New to Gardening: clueless

elisa73December 4, 2012


I'm new to the forum and to gardening as well. I just bought a house and so now I have this little but nice piece of backyard that needs my love and care.
I'm more than willing to love it, except I know nothing about gardening and I don't want to do the wrong thing.
I've never had a green thumb, but I want to change that, and I need a little direction from people that know, experts in gardening, especially the kind of gardening that work on the northeast. I'm not sure how much can/should I do now that is December.
Should I wait for Spring?
In any case, in which order and what things should I begin doing?
Is there a "bible" for gardening? Like a great introductory book?
I would like this little backyard to have a couple of different sections, one for toys for my baby, like a swing and a slide (something small), one for a table and some chairs, and then some green and maybe a garden to grow tomatoes and herbs. Can I grow tomatoes and herbs in NY? Can I grow anything in NY?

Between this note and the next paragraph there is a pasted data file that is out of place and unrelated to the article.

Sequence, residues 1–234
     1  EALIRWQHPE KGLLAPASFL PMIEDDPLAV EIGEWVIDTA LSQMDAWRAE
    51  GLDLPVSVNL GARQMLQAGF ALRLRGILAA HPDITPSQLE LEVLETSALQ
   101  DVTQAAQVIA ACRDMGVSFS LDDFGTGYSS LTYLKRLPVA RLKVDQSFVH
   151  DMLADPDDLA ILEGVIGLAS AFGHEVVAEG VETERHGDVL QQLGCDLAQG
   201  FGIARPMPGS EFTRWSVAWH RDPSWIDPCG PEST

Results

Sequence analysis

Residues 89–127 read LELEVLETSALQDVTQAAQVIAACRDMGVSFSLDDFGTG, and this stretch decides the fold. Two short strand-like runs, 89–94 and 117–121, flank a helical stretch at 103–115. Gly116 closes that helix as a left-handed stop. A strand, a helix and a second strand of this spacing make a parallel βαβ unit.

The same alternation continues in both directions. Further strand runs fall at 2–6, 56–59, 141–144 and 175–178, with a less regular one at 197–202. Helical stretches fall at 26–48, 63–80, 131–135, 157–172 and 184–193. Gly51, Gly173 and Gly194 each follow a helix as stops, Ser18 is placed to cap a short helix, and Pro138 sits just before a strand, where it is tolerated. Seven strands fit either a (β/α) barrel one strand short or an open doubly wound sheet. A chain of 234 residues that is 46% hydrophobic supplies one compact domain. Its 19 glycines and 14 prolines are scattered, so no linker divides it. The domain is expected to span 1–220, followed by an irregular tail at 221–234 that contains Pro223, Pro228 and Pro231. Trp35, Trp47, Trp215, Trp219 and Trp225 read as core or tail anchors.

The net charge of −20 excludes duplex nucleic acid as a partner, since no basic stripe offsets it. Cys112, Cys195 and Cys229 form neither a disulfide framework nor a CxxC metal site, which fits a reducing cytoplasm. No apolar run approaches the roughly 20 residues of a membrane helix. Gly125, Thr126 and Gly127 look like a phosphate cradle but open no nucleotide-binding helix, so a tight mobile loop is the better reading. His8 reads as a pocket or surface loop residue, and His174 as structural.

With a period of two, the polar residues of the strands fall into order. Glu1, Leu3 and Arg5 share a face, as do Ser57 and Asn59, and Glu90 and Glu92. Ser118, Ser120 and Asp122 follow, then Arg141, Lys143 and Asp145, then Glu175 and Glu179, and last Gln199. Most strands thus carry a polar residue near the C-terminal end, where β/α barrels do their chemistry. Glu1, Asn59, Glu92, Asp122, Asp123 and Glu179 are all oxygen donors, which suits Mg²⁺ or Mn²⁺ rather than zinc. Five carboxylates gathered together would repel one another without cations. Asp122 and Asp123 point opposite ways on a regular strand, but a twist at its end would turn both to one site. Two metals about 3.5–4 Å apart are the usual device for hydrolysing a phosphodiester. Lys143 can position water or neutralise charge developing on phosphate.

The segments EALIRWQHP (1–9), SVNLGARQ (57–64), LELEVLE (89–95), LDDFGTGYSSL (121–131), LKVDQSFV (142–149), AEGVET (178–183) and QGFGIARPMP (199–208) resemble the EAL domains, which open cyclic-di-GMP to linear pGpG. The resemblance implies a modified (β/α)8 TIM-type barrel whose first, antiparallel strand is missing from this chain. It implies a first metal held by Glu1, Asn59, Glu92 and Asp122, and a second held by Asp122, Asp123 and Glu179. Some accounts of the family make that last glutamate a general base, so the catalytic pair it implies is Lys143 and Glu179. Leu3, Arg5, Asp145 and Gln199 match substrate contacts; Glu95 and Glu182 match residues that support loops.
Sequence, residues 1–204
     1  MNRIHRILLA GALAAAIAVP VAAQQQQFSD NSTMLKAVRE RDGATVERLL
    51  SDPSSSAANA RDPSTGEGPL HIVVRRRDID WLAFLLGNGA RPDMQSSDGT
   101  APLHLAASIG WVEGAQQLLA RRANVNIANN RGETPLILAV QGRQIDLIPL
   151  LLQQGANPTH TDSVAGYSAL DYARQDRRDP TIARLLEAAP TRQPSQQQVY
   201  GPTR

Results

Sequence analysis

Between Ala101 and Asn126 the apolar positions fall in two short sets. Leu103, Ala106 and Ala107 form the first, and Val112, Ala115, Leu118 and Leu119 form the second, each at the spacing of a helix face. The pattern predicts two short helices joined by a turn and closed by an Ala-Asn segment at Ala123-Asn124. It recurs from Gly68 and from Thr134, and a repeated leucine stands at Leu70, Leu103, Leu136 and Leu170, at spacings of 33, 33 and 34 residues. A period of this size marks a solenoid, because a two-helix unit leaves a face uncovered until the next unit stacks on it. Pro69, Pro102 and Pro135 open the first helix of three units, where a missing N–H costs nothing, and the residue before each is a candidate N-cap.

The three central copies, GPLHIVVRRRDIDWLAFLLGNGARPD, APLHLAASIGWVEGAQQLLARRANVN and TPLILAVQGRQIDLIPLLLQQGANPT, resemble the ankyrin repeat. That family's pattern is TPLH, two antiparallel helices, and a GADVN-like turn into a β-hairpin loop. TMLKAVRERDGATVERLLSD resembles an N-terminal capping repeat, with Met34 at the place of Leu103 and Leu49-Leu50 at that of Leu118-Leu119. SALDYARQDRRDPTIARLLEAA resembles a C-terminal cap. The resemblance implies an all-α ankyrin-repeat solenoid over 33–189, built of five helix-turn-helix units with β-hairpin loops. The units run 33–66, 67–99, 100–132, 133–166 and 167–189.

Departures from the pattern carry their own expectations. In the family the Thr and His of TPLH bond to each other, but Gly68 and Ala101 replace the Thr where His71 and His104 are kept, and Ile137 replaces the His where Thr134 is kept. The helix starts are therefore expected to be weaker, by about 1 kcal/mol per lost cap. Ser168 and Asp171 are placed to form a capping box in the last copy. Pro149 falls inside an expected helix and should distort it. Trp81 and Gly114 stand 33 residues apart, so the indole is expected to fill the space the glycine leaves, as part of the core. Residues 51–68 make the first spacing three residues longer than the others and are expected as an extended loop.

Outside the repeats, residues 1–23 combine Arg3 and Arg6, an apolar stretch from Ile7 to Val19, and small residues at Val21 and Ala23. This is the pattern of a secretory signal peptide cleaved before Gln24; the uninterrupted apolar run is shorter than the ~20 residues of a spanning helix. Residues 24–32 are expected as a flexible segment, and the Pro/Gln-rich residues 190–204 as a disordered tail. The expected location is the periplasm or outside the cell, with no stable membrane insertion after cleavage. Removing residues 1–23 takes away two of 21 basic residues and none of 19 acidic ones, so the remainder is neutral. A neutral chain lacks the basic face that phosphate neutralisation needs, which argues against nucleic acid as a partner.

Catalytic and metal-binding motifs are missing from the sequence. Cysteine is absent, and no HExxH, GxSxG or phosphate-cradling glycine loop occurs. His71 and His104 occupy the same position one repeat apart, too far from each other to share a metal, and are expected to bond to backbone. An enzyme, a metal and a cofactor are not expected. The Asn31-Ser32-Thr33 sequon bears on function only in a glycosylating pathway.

Thank you,

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MaeT(z5 NL, Canada)

Well I would put clematis vines along that back wall. I have a small yard and have 17 clematis vines, 3 honeysuckle, 1 wisteria blue moon and a variegated porcelain vine. They are amazing and outperforms the perennials that I have and the best thing of all is that they don't take up a lot of space.

    Bookmark   December 9, 2012 at 4:49PM
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Bradybb WA-Zone8

I don't live in New York,but the last time I visited,there was plant life around.Is that grass and something growing in a container in the picture?If these those are real,then yes,things can grow in NY.